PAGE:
Feb 8, 2020 - Economy & Business

U.S. fixed mortgage rates drop to three-year low

Illustration: Sarah Grillo/Axios Visuals

The average rates for 15- and 30-year fixed mortgage dipped to their lowest levels in three years this week, per new data from mortgage giant Freddie Mac.

The big picture: The bottom rung of the housing ladder has now ascended beyond the grasp of millions of Americans, regardless of whether they want to rent or buy, Axios' Felix Salmon reported last week. Home prices have surged in recent years.

Catch up quick: 15-year and 30-year fixed mortgage rates are continuing a steady decline that began around the new year, while hybrid adjustable-rate mortgages spiked slightly this week, per Freddie Mac.

  • "Consistently low mortgage rates" helped drive home sales higher in December, the Wall Street Journal reports.
  • "Lenders extended a greater volume of home loans in 2019 than any year since 2006," WSJ wrote, citing industry research from Inside Mortgage Finance.

What they're saying: “It’s very much a historical opportunity for folks who have an existing mortgage to refinance and for credit-qualified people to lock in a low rate,” Doug Duncan, chief economist at Fannie Mae, told the WSJ.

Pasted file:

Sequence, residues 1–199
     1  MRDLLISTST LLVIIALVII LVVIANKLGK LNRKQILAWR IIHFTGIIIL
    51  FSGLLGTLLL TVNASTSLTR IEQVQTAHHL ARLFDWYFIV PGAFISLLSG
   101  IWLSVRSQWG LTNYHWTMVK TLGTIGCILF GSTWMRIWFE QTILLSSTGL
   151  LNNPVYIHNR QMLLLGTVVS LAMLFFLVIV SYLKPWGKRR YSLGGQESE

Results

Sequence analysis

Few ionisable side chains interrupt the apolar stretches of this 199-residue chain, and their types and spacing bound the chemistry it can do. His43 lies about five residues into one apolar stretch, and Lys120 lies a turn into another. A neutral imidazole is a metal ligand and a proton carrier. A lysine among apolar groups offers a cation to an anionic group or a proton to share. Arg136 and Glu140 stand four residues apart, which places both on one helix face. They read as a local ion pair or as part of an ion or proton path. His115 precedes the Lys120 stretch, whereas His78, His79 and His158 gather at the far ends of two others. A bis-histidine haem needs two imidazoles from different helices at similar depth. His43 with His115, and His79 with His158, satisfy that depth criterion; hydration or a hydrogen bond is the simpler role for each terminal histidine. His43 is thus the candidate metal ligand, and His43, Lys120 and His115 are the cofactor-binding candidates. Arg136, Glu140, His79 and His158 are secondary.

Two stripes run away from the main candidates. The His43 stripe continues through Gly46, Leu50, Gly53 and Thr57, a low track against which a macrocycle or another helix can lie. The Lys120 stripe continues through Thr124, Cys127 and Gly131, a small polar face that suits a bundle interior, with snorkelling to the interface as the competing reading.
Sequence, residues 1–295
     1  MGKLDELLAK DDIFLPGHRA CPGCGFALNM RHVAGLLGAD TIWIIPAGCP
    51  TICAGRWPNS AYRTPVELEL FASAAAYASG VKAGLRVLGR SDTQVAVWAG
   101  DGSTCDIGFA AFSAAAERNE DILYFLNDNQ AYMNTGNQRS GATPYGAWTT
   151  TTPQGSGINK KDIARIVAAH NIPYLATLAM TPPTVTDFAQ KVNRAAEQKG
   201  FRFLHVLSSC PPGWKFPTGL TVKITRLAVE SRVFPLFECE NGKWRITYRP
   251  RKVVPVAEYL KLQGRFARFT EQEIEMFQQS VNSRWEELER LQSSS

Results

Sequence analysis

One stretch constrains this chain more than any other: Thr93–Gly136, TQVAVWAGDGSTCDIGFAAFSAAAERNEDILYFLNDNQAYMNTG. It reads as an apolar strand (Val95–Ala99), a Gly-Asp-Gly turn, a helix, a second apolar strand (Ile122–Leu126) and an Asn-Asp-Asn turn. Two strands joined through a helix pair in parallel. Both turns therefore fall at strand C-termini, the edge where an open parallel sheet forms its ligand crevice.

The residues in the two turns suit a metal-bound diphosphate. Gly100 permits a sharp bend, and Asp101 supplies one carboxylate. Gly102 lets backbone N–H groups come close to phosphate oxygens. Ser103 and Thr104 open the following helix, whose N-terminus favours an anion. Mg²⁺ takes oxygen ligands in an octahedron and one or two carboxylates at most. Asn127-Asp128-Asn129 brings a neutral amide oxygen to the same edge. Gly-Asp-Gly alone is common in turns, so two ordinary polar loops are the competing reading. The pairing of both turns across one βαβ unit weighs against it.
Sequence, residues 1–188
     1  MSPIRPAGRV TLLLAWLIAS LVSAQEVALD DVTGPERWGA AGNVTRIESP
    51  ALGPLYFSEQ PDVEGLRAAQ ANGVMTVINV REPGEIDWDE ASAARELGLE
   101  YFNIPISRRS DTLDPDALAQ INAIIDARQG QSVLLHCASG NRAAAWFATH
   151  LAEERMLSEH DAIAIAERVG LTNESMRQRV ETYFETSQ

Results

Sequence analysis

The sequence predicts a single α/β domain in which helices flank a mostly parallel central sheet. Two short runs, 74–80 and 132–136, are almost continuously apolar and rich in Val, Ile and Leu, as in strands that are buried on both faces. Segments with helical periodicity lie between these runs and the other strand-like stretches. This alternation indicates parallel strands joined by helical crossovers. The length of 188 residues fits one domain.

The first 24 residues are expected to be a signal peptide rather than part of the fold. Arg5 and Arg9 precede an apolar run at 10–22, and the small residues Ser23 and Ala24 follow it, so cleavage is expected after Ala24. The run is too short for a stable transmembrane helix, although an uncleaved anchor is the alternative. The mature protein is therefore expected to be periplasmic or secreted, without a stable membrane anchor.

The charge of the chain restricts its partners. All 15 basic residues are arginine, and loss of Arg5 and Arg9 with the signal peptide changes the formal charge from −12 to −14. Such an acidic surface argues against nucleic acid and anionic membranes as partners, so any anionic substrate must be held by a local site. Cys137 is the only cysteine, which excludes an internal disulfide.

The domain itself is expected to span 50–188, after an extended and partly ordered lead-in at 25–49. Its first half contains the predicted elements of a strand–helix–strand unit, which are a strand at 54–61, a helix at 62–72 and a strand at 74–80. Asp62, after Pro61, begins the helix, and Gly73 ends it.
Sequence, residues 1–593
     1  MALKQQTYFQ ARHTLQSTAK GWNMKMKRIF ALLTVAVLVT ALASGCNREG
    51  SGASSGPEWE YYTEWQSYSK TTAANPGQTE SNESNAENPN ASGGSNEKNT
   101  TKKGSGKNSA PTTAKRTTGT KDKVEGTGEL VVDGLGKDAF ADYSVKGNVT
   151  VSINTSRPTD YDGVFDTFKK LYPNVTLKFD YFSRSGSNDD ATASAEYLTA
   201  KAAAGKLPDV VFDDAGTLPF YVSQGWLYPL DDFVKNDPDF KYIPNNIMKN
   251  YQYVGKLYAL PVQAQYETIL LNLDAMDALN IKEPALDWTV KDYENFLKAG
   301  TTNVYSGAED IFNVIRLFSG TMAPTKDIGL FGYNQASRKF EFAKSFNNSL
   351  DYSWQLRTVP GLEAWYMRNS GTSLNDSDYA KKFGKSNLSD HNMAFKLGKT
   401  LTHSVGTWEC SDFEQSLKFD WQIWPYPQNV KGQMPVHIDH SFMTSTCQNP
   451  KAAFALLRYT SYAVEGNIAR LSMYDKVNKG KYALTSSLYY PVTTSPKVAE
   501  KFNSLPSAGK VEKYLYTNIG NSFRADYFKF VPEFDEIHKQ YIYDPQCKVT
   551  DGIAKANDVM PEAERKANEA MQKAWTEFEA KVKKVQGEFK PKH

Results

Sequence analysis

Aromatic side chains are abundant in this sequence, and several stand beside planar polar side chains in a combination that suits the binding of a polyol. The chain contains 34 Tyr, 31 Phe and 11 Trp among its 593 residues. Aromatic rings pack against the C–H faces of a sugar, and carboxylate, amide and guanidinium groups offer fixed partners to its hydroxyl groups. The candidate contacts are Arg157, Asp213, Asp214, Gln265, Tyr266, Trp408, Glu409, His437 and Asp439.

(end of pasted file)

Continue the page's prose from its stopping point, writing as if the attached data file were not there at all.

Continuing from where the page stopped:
Go deeper: The housing market faces an uncertain 2020

Go deeper

Americans want to buy homes, but they're disappearing

Reproduced from Fannie Mae; Chart: Axios Visuals

The steady decline in U.S. interest rates helped the housing sector recover from its malaise in early 2019, and the momentum is continuing so far in 2020.

Yes but: Prospective homeowners are finding it increasingly difficult to find a home, as the lower rates have brought on increased selling prices and fewer available homes.

Record low rates could exacerbate debt, housing issues

Illustration: Rebecca Zisser

The stock market selloff has drawn the most attention this week, but moves in the U.S. government debt market will likely have much more important impacts on the economy.

The state of play: Mass bond buying has taken place since the beginning of the year and picked up steam as headlines about the spread of novel coronavirus have grown more worrisome.

U.S. household debt tops $14 trillion for first time

Illustration: Sara Grillo

Household debt increased by more than $600 billion last year, topping $14 trillion for the first time and marking the largest one-year jump since 2007, new data from the New York Fed show.

Why now? The growth was driven mainly by a large increase in mortgage debt balances, which rose by $433 billion.